On Go, release timing, and new machines
One of the early articles I read about the Apple ARM Macs was On the Apple Silicon M1 MacBook Pro (via). In it, the author (a developer) observed that Go wouldn't officially support these new machines until February 2021, when Go 1.16 is released (cf). I read this (in context) as being unhappy with the time it will take for Go to add this support and have it out in the world, and I had some feelings about that.
Here is the thing. Go, and open source projects in general, are under no obligation to do (or rush out) out of cycle releases just because a company has released a new product. Go's release cycles are very predictable; it releases every six months, with a stabilization period of a couple of months beforehand (Go 1.16 Beta has just been released). This means that when Apple announced these machines in June and offered to let people buy development kits, it was already far too late for the Go 1.15 release in August (Go 1.15 Beta 1 came at the start of June).
It also seems that rapidly landing support for macOS ARM64 would have had its own quality problems. I watch the development version of Go, so I've been able to see a stream of changes being made to add support for macOS ARM64, some of which work around kernel bugs or deal with issues only experienced on production Apple Silicon machines. Some changes did land before production hardware was available (for example), but a version of Go released before or just as the M1 machines themselves were available would not necessarily have been a good one.
(The earliest clear macOS ARM64 change I can find in the git logs is this one, from September 2nd.)
More broadly, Go has a variety of priorities for Go 1.16, as the development team does for every release. Supporting macOS ARM64 is only one of them, and probably not the largest one given what they wrote about the upcoming release in Eleven Years of Go. You cannot expect an open source project to put its other priorities on hold to rush out support for new machines.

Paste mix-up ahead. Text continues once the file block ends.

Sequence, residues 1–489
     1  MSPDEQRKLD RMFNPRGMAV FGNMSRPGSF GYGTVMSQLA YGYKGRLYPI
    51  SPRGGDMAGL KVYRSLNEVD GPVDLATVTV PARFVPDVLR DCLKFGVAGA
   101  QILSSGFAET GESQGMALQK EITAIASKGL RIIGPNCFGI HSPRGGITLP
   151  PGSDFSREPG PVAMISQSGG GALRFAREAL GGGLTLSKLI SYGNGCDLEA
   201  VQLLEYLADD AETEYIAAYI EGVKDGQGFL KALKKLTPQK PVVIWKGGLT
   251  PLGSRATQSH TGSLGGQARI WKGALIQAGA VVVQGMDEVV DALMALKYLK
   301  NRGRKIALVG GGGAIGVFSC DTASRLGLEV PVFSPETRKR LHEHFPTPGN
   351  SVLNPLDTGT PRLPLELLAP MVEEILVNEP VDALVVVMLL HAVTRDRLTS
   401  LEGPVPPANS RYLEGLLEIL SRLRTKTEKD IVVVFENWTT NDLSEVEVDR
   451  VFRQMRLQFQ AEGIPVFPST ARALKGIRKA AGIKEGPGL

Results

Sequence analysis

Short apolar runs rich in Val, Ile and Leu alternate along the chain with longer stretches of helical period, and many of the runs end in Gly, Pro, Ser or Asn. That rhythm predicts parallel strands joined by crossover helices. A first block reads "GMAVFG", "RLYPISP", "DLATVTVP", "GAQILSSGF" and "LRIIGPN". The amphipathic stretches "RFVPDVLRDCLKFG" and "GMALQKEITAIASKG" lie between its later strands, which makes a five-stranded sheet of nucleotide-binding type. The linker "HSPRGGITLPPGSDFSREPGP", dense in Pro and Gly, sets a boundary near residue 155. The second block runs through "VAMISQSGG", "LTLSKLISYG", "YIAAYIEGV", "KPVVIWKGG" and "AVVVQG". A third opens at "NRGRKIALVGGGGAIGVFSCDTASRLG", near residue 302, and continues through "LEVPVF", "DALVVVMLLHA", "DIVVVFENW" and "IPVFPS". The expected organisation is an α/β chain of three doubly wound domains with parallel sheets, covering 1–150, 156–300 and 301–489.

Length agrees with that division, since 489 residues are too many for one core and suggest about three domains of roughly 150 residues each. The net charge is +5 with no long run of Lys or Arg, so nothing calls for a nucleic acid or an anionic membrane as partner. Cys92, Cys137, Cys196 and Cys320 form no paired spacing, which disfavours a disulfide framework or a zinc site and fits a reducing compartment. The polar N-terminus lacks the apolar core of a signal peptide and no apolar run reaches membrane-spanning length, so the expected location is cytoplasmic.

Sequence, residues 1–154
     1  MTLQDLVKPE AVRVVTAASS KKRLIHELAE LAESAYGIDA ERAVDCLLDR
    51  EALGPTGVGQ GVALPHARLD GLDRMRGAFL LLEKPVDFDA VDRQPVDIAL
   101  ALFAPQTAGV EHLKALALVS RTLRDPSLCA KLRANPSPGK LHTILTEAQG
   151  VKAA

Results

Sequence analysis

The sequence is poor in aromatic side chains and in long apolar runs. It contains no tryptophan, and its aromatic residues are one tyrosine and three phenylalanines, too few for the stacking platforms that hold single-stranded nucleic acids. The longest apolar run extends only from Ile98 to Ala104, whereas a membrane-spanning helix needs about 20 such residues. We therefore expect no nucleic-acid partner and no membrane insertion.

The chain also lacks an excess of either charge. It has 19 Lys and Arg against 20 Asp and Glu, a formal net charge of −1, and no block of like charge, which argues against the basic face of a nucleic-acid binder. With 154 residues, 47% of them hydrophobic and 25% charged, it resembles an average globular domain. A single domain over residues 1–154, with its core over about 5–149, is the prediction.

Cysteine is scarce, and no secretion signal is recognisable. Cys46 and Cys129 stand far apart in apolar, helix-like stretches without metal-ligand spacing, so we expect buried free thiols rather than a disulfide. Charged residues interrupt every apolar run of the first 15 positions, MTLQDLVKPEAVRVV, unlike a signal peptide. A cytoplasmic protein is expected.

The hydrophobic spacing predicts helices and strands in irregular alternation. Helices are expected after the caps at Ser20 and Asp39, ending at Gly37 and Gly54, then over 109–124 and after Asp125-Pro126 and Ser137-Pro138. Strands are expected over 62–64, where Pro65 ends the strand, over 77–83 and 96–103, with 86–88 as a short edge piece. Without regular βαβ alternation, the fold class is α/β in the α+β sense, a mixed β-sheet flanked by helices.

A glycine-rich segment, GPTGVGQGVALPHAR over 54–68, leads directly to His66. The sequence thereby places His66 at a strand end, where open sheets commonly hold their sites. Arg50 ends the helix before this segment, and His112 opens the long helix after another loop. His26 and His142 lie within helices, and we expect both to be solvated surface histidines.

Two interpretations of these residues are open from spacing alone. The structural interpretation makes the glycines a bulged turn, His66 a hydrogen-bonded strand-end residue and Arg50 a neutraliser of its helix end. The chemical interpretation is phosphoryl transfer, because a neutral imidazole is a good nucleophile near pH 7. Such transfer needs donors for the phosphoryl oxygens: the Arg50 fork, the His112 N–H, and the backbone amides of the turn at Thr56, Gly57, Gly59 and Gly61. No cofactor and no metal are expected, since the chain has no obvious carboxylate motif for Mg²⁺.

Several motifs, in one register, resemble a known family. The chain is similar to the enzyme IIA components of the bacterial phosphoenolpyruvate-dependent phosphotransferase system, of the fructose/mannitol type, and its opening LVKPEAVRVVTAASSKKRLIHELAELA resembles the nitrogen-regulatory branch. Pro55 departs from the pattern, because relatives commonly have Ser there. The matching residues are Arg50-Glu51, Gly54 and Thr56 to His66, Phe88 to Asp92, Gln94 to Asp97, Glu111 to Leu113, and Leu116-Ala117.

This is not unique to Go and Apple M1s. It applies to all open source projects and all new things that need work to support; you always may need to wait a while. People who've used Linux for long enough and buy new machines are very familiar with this; it used to be that you should never buy a new machine (or new components) shortly after it was released if you wanted to immediately use Linux on it (this is still true for some sorts of hardware).
(Since Go already supports macOS and ARM64, you might think that this is a small change that's easy to do. Unfortunately there's no guarantee that the combination of the two works the way the code expects, and the Go code also apparently contained a number of assumptions about what various things implied, required, and so on. This is not surprising in any code; as people say repeatedly, if it's not tested, it doesn't work.)